I Don't Care About Your Band by Julie Klausner
What I Learned from Indie Rockers, Trust Funders, Pornographers, Felons, Faux-Sensitive Hipsters, and Other Guys I've Dated

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Synopsis

Read Julie Klausner's posts on the Penguin Blog

In the tradition of Cynthia Heimel and Chelsea Handler, and with the boisterous iconoclasm of Amy Sedaris, Julie Klausner's candid and funny debut I Don't Care About Your Band sheds light on the humiliations we endure to find love--and the lessons that can be culled from the wreckage.

I Don't Care About Your Band posits that lately the worst guys to date are the ones who seem sensitive. It's the jerks in nice guy clothing, not the players in Ed Hardy, who break the hearts of modern girls who grew up in the shadow of feminism, thinking they could have everything, but end up compromising constantly. The cowards, the kidults, the critics, and the contenders: these are the stars of Klausner's memoir about how hard it is to find a man--good or otherwise--when you're a cynical grown-up exiled in the dregs of Guyville.

Off the popularity of her New York Times "Modern Love" piece about getting the brush-off from an indie rock musician, I Don't care About Your Band is marbled with the wry strains of Julie Klausner's precocious curmudgeonry and brimming with truths that anyone who's ever been on a date will relate to. Klausner is an expert at landing herself waist-deep in crazy, time and time again, in part because her experience as a comedy writer (Best Week Ever, TV Funhouse on SNL) and sketch comedian from NYC's Upright Citizens Brigade fuels her philosophy of how any scene should unfold, which is, "What? That sounds crazy? Okay, I'll do it."

I Don't Care About Your Band charts a distinctly human journey of a strong-willed but vulnerable protagonist who loves men like it's her job, but who's done with guys who know more about love songs than love. Klausner's is a new outlook on dating in a time of pop culture obsession, and she spent her 20's doing personal field research to back up her philosophies. This is the girl's version of High Fidelity. By turns explicit, funny and moving, Klausner's debut shows the evolution of a young woman who endured myriad encounters with the wrong guys, to emerge with real- world wisdom on matters of the heart. I Don't Care About Your Band is Julie Klausner's manifesto, and every one of us can relate.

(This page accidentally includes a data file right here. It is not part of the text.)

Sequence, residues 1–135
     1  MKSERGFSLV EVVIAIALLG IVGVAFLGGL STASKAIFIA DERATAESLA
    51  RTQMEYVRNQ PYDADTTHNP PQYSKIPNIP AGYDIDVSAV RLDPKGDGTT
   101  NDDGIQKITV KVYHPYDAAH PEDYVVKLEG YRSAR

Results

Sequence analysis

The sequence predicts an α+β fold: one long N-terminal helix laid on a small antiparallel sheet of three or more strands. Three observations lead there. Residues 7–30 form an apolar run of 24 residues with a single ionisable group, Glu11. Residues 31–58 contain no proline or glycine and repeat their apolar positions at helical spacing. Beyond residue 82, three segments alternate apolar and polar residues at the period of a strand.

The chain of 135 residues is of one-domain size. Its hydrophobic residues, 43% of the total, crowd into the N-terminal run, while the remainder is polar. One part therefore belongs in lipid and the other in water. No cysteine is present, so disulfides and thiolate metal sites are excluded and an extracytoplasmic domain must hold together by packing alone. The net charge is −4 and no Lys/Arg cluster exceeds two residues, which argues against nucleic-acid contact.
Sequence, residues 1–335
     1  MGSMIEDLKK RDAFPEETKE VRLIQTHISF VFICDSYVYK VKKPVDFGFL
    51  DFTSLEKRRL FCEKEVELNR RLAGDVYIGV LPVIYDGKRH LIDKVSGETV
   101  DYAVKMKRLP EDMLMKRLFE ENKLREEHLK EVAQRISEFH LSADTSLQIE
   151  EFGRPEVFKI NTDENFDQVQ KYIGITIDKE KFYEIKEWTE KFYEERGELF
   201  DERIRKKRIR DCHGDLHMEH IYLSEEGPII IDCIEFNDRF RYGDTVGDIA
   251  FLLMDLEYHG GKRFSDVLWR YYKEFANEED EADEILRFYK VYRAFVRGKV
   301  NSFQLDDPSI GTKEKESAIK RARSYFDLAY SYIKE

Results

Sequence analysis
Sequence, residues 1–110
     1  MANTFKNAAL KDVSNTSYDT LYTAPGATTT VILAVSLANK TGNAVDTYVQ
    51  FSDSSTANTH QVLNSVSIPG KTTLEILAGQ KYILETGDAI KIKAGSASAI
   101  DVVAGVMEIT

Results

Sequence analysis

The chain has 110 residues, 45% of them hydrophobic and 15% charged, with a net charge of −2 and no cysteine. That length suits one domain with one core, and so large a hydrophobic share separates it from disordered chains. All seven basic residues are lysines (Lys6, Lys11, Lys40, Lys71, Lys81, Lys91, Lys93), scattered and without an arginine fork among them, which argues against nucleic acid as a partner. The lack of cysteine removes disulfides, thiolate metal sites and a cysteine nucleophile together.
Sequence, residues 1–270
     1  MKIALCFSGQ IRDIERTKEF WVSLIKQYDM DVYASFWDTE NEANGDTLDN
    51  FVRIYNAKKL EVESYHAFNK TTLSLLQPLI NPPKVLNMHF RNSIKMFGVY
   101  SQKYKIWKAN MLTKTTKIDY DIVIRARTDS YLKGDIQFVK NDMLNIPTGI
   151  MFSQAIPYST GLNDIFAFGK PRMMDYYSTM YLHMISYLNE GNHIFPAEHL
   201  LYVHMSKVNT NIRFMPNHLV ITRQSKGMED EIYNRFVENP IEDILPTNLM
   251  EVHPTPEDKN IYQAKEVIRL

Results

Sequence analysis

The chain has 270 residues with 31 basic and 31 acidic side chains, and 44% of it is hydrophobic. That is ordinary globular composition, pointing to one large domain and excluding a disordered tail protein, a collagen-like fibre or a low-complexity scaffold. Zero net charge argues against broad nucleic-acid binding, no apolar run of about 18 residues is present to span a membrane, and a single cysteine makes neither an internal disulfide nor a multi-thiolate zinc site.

About Julie Klausner

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Julie Klausner is a New York City-based writer/performer. She is the author of a memoir called I Don't Care About Your Band, which was optioned by Will Ferrell and Adam McKay's production company, and the host of a weekly podcast called How Was Your Week. Julie is a regular contributor to Vulture.com, where she writes about Real Housewives and makes videos, and she also writes for television, including shows like Billy on the Street and Best Week Ever. Her website, predictably, is julieklausner.com. Art Girls Are Easy is her first book for young adults.
 
Published January 11, 2010 by Gotham Books. 274 pages
Genres: Biographies & Memoirs, Humor & Entertainment, Literature & Fiction. Non-fiction

Unrated Critic Reviews for I Don't Care About Your Band

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But in the memoir I Don’t Care About Your Band, the grace that stand-up comedian and former Upright Citizens Brigade performer Julie Klausner manages to dredge up within herself shows that while time may not heal all lovers’ wounds, a razor-sharp sense of humor will scrape off their former poigna...

Feb 04 2010 | Read Full Review of I Don't Care About Your Band:...

Bookmarks Magazine

The cowards, the kidults, the critics, and the contenders: these are the stars of Klausner's memoir about how hard it is to find a man--good or otherwise-- when you're a cynical grown-up exiled in the dregs of Guyville.

Off the popularity of her New York Times "Modern Love" pi...

Feb 07 2010 | Read Full Review of I Don't Care About Your Band:...

California Literary Review

She’s not angry, but, she opines, “Your twenties are the worst part of your life that you don’t actually know at the time is terrible.” Her wit and self-deprecation are contagious, and anyone who’s dated in the last ten years will find themselves somewhere in this book (hopefully for the better).

Mar 02 2010 | Read Full Review of I Don't Care About Your Band:...

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